17. Of all the great science fiction writers of the 50s, my favorite is Clifford D Simak He is also one of the authors that has fared poorly as we begin the 21th century His novels are not that easy to find in reprints While Simak could write of space travel and androids as well as the Heinleins and the Asimovs, he was most comfortable in the setting of rural Wisconsin and generously laced his stories with a sense of American pastoralism In fact he was often called the pastoralist of science fiction [...]

    18. City es el ejemplo de cu n importante es el relato para el fant stico A Simack le bastan ocho cuentos y apenas trescientas p ginas para narrar la epopeya de la desaparici n del hombre a lo largo de m s de doce mil a os propiciada por un principio filos fico y en el camino aprovecha para explicar el devenir de cuatro civilizaciones no humanas Sus relatos son contenidos, sin grandes fuegos de artificio, pero calan hondo Reconozco que no me encontr c modo hasta llegar al tercer relato, me costaba s [...]

    19. Clifford Simak s fame has waned in the years after his death, and he never was one of the well known or popular SF authors to begin with He broke onto the SF scene in 1944 with a series of semi linked short stories and novellas, a future history that took humanity out of its near future cites, into star studded galaxies, even beyond mere homo sapiens He continued writing them through 1947, then published one final tale in 1951, at which point they were joined together and sold as the fixup nove [...]

    20. Biologically, this book is absurd quasi robotic intelligent dogs, hyper evolved progressive rural humans with an intelligence seemingly gained from nothing whatsoever, a race of ants experiencing socio economic and industrial revolutions, evolution stemming from surgery to name but a few Philosophically, it s broken and contradictory to the point of frustration economically null, politically ridiculous and simply completely ignorant of the science in science fiction That this collection of linke [...]

    21. Clifford Cliff Simak is an author I first came to when I was a teenager in the late 1970 s and early 1980 s At first I wasn t sure it wasn t spaceships and action, but instead a much subtler and gentle SF Mark Charan Newton has since referred to it as rural SF , which sorta works Instead of Star Wars whizz bang action, we have pastoral introspection, Waltons style homily and self depreciating humour.And in City in particular we have robots, ants and dogs.To my younger self, City was a bit of a [...]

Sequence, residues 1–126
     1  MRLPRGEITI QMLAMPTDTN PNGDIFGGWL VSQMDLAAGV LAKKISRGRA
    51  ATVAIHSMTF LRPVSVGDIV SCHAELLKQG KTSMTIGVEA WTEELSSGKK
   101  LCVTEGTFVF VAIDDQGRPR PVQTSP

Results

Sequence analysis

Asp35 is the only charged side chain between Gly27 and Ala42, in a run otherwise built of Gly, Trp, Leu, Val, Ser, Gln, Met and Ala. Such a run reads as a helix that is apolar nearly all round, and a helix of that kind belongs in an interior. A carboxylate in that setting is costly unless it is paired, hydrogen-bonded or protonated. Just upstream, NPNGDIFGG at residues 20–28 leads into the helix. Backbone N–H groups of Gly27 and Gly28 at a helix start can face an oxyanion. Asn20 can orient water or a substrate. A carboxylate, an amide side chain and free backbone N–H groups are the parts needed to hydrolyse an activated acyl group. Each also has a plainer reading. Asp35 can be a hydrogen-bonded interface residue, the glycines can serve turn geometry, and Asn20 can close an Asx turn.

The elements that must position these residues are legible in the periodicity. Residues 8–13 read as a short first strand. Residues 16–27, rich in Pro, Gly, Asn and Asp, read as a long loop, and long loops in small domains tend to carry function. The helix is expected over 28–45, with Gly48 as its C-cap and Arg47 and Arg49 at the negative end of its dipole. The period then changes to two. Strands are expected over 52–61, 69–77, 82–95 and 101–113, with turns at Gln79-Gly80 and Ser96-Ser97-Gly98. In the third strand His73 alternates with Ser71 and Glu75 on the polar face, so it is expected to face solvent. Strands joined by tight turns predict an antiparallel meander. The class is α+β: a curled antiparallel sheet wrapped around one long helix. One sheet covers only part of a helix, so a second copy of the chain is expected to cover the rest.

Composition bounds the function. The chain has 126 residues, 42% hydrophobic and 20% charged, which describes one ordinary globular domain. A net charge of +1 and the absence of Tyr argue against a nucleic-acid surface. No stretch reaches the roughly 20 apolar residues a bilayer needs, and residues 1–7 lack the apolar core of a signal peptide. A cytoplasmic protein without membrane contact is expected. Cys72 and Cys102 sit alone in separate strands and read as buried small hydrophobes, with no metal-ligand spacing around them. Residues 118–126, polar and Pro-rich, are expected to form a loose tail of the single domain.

22. A dispetto del titolo, la citt non il luogo d ambientazione di questa raccolta anzi, proprio con l abbandono della citt da parte degli uomini ha inizio il futuro immaginato da Clifford D Simak Un futuro che arriva molto lontano, non sappiamo bene neanche fin dove, ed infatti, io che di solito mi indispettisco quando i titoli stranieri vengono stravolti, ho apprezzato il titolo che Giorgio Monicelli aveva scelto nel 1953 per i lettori italiani Anni senza fine.I primi otto racconti che formano que [...]

    23. This book was a strange one A odd concoction of philosophy and futility Essentially, Simak was disillusioned with mankind after the destruction with the atomic bomb in Japan He comes to what I find a very strange conclusion that city living is the cause of the bulk of human antisocial and violent behavior He advocates much smaller communities and talks of how the invention of the telephone negates the need to live close to where one works I got the impression that he was a bit of a recluse His c [...]

    24. Several months ago, I visited the science fiction museum up in Seattle It wasn t that impressive to me, like someone s small private collection stretched out to cover a bunch of exhibits Forrey s house had been impressive than this place But I d had some interest in post apocalyptic stuff lately, so I paused at the exhibit, and I noticed some books I hadn t read before featured as classics in the genre Among them were Alas, Babylon and City by Clifford Simak.I found Alas, Babylon pretty easily, [...]

    25. What happens when humans lose their desire or need to live with one another They go extinct That is what I felt was the underlying message in City, in which humans begin to dwindle on earth and are replaced by robots and Dogs as the dominant species The book is layed out in eight individual stories which are presented as lore passed down thru the generations of Dogs They are unsure of whether the stories are to be taken literally or if they are fables to learn from In fact humans are considered [...]